So you think the reason that Manning is a good fit is because a) he's better than Matt Schaub ... if healthy (conceded), and b) because he raises the overall ceiling of the team one game? And all it costs is manipulating every last bit of cap space Houston has, potentially setting themselves up for a disastrous 2013 offseason where they can lose many more Mario Williamses? Awesome! Where do I sign up?

The Texans are close enough to the prize -- and young enough to stay competitive far beyond this year -- that as long as they keep working the cycle, they don't need to resort to last-gasp chances on aging star quarterbacks. And since we're just going to focus on Super Bowls, let me throw my own heavily cherry-picked idea out here: How many okay quarterbacks have won Super Bowls? Doug Williams, Trent Dilfer, Brad Johnson, off the top of my head. How many 36-year-old quarterbacks have won Super Bowls?

2) Organizational stability

Remember that time the Texans finally gave in to peer pressure, for three consecutive years in a row, and fired Gary Kubiak?

Oh wait, I don't. Because it didn't happen.

This is an organization that, more than anything, is founded on patience. Dom Capers made it four years here. David Carr five, without any improvement. Despite the fact that Kubiak had hired a pair of complete and utter failures at defensive coordinator, both of whom got a second season that they didn't deserve, Bob McNair stayed the course and believed that his offensive system was the right fit for the Texans. Kareem Jackson still gets to call himself a starting cornerback.

I don't know what Texans organization these guys have been paying attention to the last few years, but bold moves didn't get the Texans into the playoffs. It wasn't "bold" to sign a good defensive coordinator, a top-tier cornerback, or a solid safety last season. It was so fucking obvious that even we, the idiots of BRB, had sat here telling you for seasons on end that this team needed a new defensive direction and more talent.

Bob McNair doesn't do bold, guys. Bob McNair has oatmeal for breakfast. He still has Clay Walker singing our awful intro eleven years later. Gary Kubiak is his coach, and if he says you aren't doing a heckuva job out there, you're at least battling. If they ditched Matt Schaub for any reason short of another devastating long-term injury, I would be completely flabbergasted.

Bonus reasons: They're destroying their future payroll for Manning, but not Mario Williams? How does this team reconcile the fact that Manning isn't really athletic enough to run the PA bootleg system at this point in his career? (Feel free to add your own.)

The Invisible Hand

1) Nobody gives a shit about the Texans.

How many times were the Texans on national television during the regular season last year? Survey? Once. When was that game? Over the Christmas layover as everyone scrambled to get to their families. On the NFL Network. Other than the Pittsburgh game, I'm having a hard time coming up with a game where they were the featured early or afternoon game -- maybe the Baltimore game?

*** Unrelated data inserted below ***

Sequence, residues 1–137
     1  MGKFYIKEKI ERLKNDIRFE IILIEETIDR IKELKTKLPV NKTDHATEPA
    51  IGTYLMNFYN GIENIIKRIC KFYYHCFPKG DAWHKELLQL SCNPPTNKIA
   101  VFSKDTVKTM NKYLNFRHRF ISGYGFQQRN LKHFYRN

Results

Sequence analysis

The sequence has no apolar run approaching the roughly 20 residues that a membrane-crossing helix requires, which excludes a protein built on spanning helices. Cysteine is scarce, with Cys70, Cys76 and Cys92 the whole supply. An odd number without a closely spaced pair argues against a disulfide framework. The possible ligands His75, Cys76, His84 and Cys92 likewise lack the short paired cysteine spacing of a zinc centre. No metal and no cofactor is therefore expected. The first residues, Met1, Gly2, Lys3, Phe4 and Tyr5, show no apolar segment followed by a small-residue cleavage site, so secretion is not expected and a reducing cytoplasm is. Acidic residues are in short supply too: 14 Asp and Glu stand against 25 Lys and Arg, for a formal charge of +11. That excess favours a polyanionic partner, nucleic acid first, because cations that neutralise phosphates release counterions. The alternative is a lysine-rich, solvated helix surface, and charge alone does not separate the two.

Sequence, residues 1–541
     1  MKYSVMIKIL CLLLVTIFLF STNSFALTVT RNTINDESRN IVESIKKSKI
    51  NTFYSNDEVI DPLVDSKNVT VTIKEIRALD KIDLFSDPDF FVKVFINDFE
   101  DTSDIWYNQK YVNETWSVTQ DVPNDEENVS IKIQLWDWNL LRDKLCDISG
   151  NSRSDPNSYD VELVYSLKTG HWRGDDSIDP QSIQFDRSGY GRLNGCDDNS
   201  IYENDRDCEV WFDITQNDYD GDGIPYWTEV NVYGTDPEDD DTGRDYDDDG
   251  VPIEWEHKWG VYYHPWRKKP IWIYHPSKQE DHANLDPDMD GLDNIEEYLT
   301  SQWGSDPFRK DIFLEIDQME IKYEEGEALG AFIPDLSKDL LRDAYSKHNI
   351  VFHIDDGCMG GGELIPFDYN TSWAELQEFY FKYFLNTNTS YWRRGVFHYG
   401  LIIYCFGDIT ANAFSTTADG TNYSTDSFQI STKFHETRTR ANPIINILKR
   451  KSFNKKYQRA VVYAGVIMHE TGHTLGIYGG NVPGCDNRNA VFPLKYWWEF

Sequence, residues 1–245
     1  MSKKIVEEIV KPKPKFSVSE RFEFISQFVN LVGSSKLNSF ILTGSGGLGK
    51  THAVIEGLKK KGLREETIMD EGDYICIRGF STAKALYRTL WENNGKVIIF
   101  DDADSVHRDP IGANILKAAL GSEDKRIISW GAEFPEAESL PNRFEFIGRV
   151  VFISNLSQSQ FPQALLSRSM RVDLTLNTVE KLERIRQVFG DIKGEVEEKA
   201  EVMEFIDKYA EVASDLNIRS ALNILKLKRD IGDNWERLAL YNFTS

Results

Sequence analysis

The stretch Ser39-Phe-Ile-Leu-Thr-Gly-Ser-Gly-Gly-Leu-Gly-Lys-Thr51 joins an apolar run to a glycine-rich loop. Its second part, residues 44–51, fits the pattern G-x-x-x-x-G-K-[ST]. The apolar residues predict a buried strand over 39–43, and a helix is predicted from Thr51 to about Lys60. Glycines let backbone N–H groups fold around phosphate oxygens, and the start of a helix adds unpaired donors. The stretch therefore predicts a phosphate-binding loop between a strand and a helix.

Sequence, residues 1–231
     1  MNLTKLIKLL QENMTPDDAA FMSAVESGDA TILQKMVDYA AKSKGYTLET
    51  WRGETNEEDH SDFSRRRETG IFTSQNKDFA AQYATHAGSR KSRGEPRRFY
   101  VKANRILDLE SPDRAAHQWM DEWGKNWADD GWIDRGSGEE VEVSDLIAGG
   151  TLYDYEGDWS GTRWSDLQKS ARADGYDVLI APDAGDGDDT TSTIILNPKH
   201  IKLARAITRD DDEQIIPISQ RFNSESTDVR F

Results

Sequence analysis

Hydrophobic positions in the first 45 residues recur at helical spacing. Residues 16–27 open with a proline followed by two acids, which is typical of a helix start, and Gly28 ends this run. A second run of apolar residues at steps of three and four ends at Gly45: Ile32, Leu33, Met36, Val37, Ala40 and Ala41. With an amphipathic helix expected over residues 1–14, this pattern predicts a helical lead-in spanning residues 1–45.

What I'm getting at is nobody watched the Texans last year, and so nobody cares about how they actually operate. When they were on TV with Schaub, Schaub was an afterthought as Andre Johnson went down and Gary Kubiak spent the entirety of the second half running Arian Foster into the ground.

Think about this from a ratings perspective: The rise of the Texans to national prominence just isn't really a sexy story. They didn't knock out a long-time foe to do it since Manning was gone. They didn't have an improbable run led by a mediocre quarterback who won a lot of games in college. The Texans were what happens when competence, a desire to win, and money come together.

But add Peyton Manning to the mix, and suddenly we have a team worth caring about! Blog posts by the thousands! How is Peyton's neck feeling this week? Will he get revenge on the hated Colts? Can he show them that he's still a Super Bowl quarterback?

You don't care. I know that. They care. They care badly enough to want Manning on the Texans. I guess that's flattering, in a way. But in another, more correct way, it's insulting. And a disservice to all the work this organization put in to get to where they are today.

...But I mean, we could always sacrifice that. Who cares about that? What we really care about here is:

2) Page hits!

The all-mighty currency!

Did you know that I can pull up page view numbers for any post on BRB? Did you know that, back when I was editing SBN Houston, there were specific keyword and title combinations that tended to get indexed in Google? That happened to draw more hits for the website than others? That we were actively encouraged to use them? They had moderated sessions on it and everything.

I'm not saying SBN is wrong to do this -- it's natural to want to draw hits when so much of your economy is based on them. But all Peyton Manning-to-the-Texans speculation essentially boils down to is page hits. Peyton is a topic. Peyton has to go somewhere. So even though there is little chance of this happening, and even though there is even less logic behind it actually happening, we are going to have to suffer through it. Because dammit, people care about Peyton Manning. A lot.

So just buckle in and enjoy the ride. The only credible evidence we have that the Texans are interested in Peyton Manning begins and ends with a third-hand account full of "possibly" that was given to Bob Allen by someone who is not Peyton Manning. Gary Kubiak, Rick Smith, etc., have never been quoted as even saying it was something they'd look into.

But hey, at least we all get to suffer together, right? Thank you for your page hit.